Self-management Being Put to the Test in MSK Study of Patients Taking Ibrance


Automated texts may also lessen the workload on nurses.

What if cancer patients could better self-manage their medications via text message reminders? How might that affect the treatment of their disease?

A study underway at Memorial Sloan Kettering Cancer Center in New York City may answer some of those questions. Researchers at the cancer center at testing the effectiveness of mobile technology intervention on breast cancer patients' self-management of the oral anticancer medication Ibrance (palbociclib).

A major concern for patients on oral anti-cancer therapy is their ability to self-manage the treatment regimen, a role that includes making sure the medications are taken on time, proper diagnostic testing, and attending scheduled doctor visits, the researchers wrote in an article in the Journal of Advanced Nursing.

Patients who do not effectively self-manage may experience inappropriate dosing,

inadequate laboratory monitoring, failure to report side effects, and further cancer metastases, according lead author Ann M. Mazzella Ebstein and her colleagues. “Since patients with metastatic breast cancer require oral anticancer medication for extended periods, it becomes imperative that healthcare providers find interventions that facilitate access to supportive resources to help patients self-manage their anti-cancer therapy,” Ebstein and the others wrote.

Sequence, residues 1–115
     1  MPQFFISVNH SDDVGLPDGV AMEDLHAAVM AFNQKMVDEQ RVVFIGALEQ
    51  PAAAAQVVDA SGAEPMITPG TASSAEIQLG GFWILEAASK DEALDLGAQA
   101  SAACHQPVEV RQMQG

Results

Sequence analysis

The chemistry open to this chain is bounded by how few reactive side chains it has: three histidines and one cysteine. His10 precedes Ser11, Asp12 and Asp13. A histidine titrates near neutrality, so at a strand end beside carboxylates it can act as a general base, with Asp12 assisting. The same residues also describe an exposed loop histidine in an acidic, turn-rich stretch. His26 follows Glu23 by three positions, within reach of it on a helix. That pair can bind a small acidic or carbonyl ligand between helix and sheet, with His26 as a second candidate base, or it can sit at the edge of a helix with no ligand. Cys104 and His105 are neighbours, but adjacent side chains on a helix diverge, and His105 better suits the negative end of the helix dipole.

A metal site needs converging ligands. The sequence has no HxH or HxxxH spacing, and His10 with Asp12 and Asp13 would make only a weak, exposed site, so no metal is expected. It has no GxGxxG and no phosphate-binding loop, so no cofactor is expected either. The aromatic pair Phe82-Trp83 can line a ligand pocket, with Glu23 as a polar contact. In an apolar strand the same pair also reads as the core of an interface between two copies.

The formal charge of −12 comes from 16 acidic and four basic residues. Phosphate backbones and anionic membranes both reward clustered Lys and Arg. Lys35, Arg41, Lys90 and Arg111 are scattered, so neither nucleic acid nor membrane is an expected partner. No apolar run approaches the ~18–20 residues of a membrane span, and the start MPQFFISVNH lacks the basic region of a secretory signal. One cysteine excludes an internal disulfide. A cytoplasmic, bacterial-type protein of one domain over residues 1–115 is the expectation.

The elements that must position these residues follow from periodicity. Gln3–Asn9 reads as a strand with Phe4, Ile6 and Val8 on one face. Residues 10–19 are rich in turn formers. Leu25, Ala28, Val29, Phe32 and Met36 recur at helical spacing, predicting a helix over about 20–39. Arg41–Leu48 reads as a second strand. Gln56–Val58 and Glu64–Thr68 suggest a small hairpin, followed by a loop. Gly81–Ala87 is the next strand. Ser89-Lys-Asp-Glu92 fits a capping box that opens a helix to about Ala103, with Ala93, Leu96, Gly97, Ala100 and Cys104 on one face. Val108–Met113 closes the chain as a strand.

The smartphone may be an untapped resource that can fundamentally improve a patient's ability to self-manage their oncologic treatment regimens while improving communication and satisfaction with healthcare providers, they added.

The study will test whether text messaging support will decrease the necessity for patient-initiated phone conversations and help manage the workload of nurses. “Mobile technology actively engages the patient as an equal partner in determining their health care and thus has the potential to change future care delivery models,” they wrote.

Unidirectional text message reminders will be sent during the treatment cycle through a secure web application using the patient's smartphone. The researchers will collect self-reported survey responses at three time points: at consent, at the end of treatment cycles, and at the follow-up clinic visits.

Comparing a regular breast cancer patient group and an intervention group, the researchers will also compare demographics, quality of life, laboratory testing, and the nurse's workload in caring for the study patients.

“Given the importance of taking oral anti-cancer medications and the difficulties patients experience in achieving it, the effective use of mobile technology interventions can actively engage patients in their care and improve medication self-management of anticancer treatment regimens,” the researchers wrote.

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